· Independent or collaborative reading & writing extension activities
    · Cooperative groups, work station activities, and/or peer conferences

    WRITING INSTRUCTION (30-60 minutes):

    Daily writing instruction includes the following components:

    · Shared/Interactive writing (whole group)
    · Daily focused mini-lessons (10 - 15 min.) by the teacher in the three domains of composing, written expression, and mechanics and usage
    · Independent time (30 - 45 min.) for writing and conducting research
    · Conferences with teacher or peers
    · Sharing opportunities (5 - 10 min.) including author's chair, publishing parties, peer or group readings

    TEACHER READ-ALOUD (10- 20 minutes):

    · Although this component is not necessarily a part of the reading block, it does provide an appropriate springboard for writing instruction. It should include rich discussions and higher level questioning
     
  9. RainStorm

    RainStorm Aficionado

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    May 11, 2009

    DEFINING THE BUILDING BLOCKS

    PHONEMIC AWARENESS:

    Phonemic awareness is the ability to identify, hear, and manipulate the individual phonemes or sounds in spoken words. Manipulating the sounds in words includes blending, stretching, or otherwise changing words.
    Before children learn to read print, they need to become aware of how the sounds in words work. They must understand that words are made up of speech sounds, or phonemes.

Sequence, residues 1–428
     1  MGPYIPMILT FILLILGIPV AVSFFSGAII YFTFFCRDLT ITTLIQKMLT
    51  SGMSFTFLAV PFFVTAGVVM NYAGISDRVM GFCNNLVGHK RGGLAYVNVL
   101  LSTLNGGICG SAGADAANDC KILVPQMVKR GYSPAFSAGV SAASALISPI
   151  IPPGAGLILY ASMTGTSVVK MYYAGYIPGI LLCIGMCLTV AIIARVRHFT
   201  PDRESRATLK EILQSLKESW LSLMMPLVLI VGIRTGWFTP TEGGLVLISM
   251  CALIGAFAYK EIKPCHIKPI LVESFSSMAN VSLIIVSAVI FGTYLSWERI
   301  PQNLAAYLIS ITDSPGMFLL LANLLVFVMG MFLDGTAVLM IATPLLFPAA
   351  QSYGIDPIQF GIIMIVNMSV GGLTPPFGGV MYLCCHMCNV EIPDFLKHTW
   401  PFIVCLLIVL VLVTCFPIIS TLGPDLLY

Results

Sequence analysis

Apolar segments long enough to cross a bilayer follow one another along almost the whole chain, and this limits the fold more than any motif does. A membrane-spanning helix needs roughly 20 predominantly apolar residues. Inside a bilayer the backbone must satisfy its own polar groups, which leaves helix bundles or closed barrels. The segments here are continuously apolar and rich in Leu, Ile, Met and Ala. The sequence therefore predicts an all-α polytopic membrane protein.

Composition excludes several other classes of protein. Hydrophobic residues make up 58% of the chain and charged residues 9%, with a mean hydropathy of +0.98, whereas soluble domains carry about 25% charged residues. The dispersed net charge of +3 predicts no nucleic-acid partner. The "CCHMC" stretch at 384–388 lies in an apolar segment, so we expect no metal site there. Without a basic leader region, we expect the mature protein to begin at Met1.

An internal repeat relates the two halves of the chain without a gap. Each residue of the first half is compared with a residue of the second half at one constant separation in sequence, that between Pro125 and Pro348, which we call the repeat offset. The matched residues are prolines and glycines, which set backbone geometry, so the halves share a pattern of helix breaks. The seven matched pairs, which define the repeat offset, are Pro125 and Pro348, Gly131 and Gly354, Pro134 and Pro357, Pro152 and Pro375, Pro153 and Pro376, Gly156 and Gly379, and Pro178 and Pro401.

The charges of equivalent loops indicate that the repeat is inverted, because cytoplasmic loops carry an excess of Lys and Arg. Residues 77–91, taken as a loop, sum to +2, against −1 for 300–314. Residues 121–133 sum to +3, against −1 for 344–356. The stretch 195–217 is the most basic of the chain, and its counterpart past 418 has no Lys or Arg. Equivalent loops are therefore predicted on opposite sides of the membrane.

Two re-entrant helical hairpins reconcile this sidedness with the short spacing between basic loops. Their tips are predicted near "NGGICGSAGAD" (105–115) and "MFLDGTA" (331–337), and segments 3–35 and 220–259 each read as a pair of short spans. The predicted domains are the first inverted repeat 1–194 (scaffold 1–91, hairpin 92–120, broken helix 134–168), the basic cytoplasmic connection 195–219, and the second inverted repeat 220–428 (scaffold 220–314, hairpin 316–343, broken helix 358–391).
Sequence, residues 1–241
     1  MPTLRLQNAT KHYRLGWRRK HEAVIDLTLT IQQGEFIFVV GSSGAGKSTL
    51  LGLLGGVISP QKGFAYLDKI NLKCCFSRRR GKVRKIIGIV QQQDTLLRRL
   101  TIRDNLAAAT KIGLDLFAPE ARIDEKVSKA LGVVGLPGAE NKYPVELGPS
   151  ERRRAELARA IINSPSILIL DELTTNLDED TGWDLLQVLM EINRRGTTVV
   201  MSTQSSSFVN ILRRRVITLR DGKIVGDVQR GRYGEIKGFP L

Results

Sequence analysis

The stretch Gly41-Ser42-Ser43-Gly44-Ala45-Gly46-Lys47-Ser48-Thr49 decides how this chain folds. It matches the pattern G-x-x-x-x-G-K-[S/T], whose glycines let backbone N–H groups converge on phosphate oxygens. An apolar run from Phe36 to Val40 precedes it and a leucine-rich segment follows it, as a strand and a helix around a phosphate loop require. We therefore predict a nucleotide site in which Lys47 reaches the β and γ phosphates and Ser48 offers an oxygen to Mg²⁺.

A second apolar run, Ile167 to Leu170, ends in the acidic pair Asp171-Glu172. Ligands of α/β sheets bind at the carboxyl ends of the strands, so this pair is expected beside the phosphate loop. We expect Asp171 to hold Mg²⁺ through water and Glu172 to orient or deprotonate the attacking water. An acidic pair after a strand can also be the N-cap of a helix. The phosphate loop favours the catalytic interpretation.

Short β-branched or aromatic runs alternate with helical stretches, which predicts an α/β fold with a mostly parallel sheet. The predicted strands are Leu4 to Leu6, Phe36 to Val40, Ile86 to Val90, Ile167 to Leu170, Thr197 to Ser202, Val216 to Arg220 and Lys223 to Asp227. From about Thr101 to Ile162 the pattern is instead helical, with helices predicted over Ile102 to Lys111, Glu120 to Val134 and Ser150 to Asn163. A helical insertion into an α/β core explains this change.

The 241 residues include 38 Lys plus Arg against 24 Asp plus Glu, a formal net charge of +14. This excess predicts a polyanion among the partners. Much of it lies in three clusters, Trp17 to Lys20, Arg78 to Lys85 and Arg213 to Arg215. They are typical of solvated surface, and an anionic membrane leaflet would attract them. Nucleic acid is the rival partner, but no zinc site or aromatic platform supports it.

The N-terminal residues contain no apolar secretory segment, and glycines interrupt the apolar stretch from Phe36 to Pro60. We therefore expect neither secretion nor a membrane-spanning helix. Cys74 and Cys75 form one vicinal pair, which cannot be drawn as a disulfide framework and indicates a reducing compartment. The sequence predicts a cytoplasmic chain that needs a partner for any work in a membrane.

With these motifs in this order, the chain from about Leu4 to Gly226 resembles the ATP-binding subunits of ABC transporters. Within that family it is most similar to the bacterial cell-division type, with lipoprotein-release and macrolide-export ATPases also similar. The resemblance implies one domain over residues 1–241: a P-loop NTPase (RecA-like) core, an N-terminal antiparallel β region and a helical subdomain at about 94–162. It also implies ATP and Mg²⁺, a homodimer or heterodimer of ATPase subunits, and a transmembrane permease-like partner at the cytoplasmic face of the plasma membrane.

Phonemes are the smallest parts of sound in spoken words that make a difference in the word's meaning. For example, changing the first phoneme in the word hat from /h/ to /p/ changes the word from hat to pat, and so changes the meaning. (A letter between slash marks shows the phoneme, or sound, that the letter represents, and not the name of the letter. For example, the letter h represents the sound /h/.)

    Children can show us that they have phonemic awareness in several ways:
    " isolate individual sounds in words ("The first sound in van is /v/.)
    " identify which words in a set of words begin with the same sound ("Bell, bike, and boy all have /b/ at the beginning.")
    " categorize words with the same sounds ("Rug doesn't belong with bun and bus".)
    " blend the separate sounds in a word to say the word ("/m/, /a/, /p/ - map.")
    " segment a word into its separate sounds ("up - /u/, /p/.")

    Phonemic awareness is assessed primarily in kindergarten through the PALS K Rhyme and Beginning Sound Awareness items, and later in first grade and second grade for students who have not yet mastered the concepts through the PALS Level C tasks.

    CONCEPTS ABOUT PRINT (CAP):

    Concepts about print are conventions and characteristics of written language that children must attend to when learning to read and understand print. Examples include how to hold a book, where to start reading, and directional movement through the text. The Concepts About Print Test enables the teacher to discover what children already know about print, and what has yet to be learned. Many students come to school with limited experiences with print and require repeated explicit instruction in these concepts. Administration of the Concepts About Print Test will identify students in need of these intensive opportunities. The Concepts About Print Test is administered to all students in kindergarten, beginning with the first quarter. Once each concept has been mastered, further administration of that individual concept is not necessary.

    Teachers must be mindful that mastery of concepts about print is essential for our students to be able to attain future benchmarks in reading.
    WORD RECOGNITION:

    Word Recognition is the process of identifying words in print. Children who are ready to begin reading words have developed the following prerequisite skills:

    They understand that
    1. words can be spoken or written.
    2. print corresponds to speech.
    3. words are composed of phonemes (sounds), called phonological awareness.